Supply chain solutions provider Bidvest Panalpina Logistics (BPL) believes that customer centricity is much more than just good customer service.
“It’s about creating an experience from the moment we first engage with a client until after our services have been rendered,” says BPL international logistics director Bruce Thoresson. “We put the customer at the heart of our decision-making and service delivery throughout that process, providing a service uniquely customised to their needs.”
BPL is a strategic logistics partner to several of South Africa’s most respected mining houses and other companies that form part of the global supply chain in commodities. Its services include, but are not limited to cross-border transport by road and air, heavy equipment handling for original-equipment manufacturers, engineering, procurement and construction management, and full logistics coordination of large equipment to and from remote locations.
Customer-centric businesses could see their projected profit growth rates increase from 5.3% this year to 7.4% in 2020, according to a 2018 survey by audit, tax and advisory services provider KPMG Canada, while companies that are strongly customer centric are 60% more profitable than companies that are not, according to a report by global professional services firm Deloitte Ireland in 2014.
Four years on and BPL says this finding remains relevant. A customer-centric philosophy helps companies grow revenue, improve efficiency and drive performance, and has become a business imperative for entities that genuinely want to stay ahead of rising competition.
Owned by services, trading and distribution company Bidvest, and local partner of Swiss-owned Panalpina Group, BPL has seen incredible/remarkable growth since its early days as privately owned freight provider Safcor. Offering an end-to-end supply-chain solution across a number of industries, the company has a global reach, with 500 offices in 70 countries through Panalpina’s network.
Locally, BPL has a loyal and long-lived client list, some of whom they have been servicing for more than 15 years. BPL warehousing director Steve Smith attributes this partly to analysing the reasons for losing customers when this happens, and also looking closely at how often and why BPL is re-awarded business. “It’s important to measure customer centricity, so we do this on an annual basis,” he says.
Customer-centric businesses typically start with assessing a customer’s needs, rather than selling a service or product that may or may not have relevance. Services and products are then designed or adapted to meet those preferential needs.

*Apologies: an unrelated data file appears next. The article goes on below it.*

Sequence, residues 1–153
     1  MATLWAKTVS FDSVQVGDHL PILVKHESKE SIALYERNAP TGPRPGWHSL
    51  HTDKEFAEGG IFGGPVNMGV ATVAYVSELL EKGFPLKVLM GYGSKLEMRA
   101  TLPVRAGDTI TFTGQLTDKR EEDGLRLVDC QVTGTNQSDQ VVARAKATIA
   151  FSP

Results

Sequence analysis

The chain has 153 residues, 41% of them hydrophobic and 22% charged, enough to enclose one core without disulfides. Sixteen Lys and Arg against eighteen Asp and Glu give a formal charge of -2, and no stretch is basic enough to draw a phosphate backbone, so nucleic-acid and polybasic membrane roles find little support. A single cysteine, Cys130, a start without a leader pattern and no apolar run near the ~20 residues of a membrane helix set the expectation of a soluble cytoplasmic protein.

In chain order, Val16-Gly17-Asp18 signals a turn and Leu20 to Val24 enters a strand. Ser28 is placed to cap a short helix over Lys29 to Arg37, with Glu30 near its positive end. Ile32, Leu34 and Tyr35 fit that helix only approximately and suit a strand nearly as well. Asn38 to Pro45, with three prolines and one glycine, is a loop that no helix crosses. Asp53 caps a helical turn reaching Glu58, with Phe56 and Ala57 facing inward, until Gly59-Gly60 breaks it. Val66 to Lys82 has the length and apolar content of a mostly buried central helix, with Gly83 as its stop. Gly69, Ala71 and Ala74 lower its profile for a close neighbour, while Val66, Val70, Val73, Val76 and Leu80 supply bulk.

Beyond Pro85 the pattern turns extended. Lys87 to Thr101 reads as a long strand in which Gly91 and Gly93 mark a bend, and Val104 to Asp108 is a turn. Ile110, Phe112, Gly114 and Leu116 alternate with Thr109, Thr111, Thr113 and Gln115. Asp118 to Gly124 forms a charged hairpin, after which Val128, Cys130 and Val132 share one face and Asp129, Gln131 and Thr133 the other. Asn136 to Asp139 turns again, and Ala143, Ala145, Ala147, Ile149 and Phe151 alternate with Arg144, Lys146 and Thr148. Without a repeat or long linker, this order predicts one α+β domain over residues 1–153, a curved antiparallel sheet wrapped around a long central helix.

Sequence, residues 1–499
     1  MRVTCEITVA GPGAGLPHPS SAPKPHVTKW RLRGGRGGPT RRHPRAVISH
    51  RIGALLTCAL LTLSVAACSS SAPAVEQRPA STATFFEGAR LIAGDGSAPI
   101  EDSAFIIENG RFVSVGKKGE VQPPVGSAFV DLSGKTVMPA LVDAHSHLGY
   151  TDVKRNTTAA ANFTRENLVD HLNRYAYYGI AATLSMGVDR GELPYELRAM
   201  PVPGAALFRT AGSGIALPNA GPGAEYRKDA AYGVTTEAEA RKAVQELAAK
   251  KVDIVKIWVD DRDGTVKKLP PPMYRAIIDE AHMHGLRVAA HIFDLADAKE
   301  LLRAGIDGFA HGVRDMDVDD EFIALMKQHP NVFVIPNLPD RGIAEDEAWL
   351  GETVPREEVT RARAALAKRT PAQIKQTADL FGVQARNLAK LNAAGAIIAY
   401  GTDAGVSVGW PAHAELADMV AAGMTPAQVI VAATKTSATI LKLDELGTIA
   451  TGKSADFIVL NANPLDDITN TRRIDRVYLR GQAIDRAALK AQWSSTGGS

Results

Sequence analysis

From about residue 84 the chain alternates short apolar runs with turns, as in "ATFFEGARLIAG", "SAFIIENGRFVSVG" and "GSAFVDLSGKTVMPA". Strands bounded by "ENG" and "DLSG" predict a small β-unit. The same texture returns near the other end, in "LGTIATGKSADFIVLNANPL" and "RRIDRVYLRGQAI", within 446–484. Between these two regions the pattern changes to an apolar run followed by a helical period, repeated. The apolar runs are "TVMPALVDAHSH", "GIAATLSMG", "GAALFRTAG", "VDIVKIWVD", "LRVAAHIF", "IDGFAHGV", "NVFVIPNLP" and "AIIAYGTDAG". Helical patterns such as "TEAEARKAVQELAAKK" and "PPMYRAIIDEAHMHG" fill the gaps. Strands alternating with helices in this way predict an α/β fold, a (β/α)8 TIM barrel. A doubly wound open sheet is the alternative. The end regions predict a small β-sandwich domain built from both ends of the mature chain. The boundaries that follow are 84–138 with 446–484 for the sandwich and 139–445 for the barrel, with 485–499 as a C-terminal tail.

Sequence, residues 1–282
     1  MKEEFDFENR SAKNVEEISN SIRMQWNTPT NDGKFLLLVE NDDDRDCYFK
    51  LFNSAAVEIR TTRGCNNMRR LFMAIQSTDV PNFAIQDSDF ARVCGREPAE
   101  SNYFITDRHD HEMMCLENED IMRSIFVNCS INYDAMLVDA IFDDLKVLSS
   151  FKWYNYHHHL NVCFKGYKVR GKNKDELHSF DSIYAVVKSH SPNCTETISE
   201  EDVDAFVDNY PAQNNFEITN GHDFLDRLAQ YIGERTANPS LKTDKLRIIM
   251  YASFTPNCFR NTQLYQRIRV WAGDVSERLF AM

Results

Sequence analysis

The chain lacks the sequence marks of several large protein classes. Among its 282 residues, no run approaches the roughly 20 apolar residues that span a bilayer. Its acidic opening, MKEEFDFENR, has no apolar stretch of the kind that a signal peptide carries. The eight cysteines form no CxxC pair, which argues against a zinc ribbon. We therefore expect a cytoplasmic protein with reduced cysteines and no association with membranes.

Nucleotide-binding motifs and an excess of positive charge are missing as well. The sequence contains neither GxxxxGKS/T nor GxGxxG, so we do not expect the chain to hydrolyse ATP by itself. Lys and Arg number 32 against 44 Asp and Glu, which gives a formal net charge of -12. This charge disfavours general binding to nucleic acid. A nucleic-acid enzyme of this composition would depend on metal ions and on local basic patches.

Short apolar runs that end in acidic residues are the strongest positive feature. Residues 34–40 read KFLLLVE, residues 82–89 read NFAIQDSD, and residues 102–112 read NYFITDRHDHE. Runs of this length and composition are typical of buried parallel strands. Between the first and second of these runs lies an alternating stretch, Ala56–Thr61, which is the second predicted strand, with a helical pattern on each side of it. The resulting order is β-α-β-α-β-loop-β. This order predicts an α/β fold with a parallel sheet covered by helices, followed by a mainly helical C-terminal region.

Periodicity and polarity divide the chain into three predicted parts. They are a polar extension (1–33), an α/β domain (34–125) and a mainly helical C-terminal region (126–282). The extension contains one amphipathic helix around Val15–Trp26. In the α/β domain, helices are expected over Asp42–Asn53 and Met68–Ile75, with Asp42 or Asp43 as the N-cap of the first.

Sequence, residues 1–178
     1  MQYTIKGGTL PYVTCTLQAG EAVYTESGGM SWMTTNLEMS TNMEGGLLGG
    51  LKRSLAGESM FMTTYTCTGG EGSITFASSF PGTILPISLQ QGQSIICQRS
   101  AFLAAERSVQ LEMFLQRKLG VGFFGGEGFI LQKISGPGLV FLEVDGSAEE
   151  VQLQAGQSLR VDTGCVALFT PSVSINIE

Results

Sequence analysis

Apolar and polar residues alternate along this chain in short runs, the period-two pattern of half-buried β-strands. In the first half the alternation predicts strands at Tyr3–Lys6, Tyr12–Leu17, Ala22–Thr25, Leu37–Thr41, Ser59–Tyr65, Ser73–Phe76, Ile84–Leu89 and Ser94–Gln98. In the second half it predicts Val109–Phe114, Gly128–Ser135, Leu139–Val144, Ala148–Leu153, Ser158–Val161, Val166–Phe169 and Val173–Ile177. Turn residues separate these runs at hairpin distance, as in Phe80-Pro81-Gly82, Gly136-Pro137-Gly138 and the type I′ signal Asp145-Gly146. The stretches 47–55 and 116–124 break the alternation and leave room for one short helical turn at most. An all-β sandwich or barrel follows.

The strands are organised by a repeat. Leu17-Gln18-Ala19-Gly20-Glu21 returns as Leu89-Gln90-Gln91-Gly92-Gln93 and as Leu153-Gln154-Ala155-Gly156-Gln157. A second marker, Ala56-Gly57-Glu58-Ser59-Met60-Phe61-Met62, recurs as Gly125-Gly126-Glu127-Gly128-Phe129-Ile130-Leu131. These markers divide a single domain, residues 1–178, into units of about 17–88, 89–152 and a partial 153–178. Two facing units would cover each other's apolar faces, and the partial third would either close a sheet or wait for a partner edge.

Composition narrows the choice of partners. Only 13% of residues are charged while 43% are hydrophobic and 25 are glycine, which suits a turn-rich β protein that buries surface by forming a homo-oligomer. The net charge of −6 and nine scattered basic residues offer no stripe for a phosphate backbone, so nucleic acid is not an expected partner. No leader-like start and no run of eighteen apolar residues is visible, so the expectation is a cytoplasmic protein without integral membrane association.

Thoresson believes that, while client engagement should be comprehensive, the administrative side needs to be simple and as automated as possible, to allow for client engagement to remain problem-free throughout the transaction. BPL, therefore, has a dedicated administrative structure that includes sales, servicing and key account-management staff who specifically address customer engagement from the initial sales process to managing an ongoing relationship and providing value-added services.
For a business like BPL, which has a global reach through its partnership with Panalpina, this requires additional special attention, as it is “impossible to shoehorn every customer into a fixed service offering without understanding their needs”, says Thoresson. “The challenge on the international logistics side is that our services encompass many different elements, largely fixed in one way or another, such as customs legislation at origin and destination, or flight and shipping capacities and schedules; and then you have a customer with their own specific shipping requirements.”
The operations teams focus on the “doing” and communicating with customers on how the shipment process is unfolding and what joint decisions need to be made to achieve efficiency, Thoresson explains. “We continually urge our staff to remain aware of their actions that will impact on customer service, with value-added services tracked,” he says.
Part of BPL’s service offering is comprehensive warehousing solutions, and here, says Smith, the relationship with the customer is important. “Customers require enhanced flexibility and increased visibility into their supply chains, so we’re introducing business-intelligence tools and integrating with customers’ systems. “This provides a live view of operations in the warehouse that encompasses receipts, storage, picks and dispatches, and it’s all aimed at enabling the customer to make informed decisions based on ever-changing needs.” BPL also analyses stock turn and provides advice to customers on slow-moving products, Smith adds.
Customer centricity as a business philosophy only works when it is understood and embraced by employees at every level of a business. “If a business is genuinely customer centric, then adherence to this philosophy needs to run throughout the organisation, from the executive committee to the lower operations or business units,” says Thoresson.
“The right questions need to be asked, such as what does the customer want? What impact would this have on our customer as opposed to what we’re able to offer? And, what impact would this have on our cost of production? “In essence, a customer-centric business tailors its entire organisation, from services and products delivered, to the processes followed, and even to policies and culture within the organisation, to giving the customer a sense that their needs are being met every single step of the way,” he says.
“For BPL, it’s what keeps us relevant,” Thoresson concludes.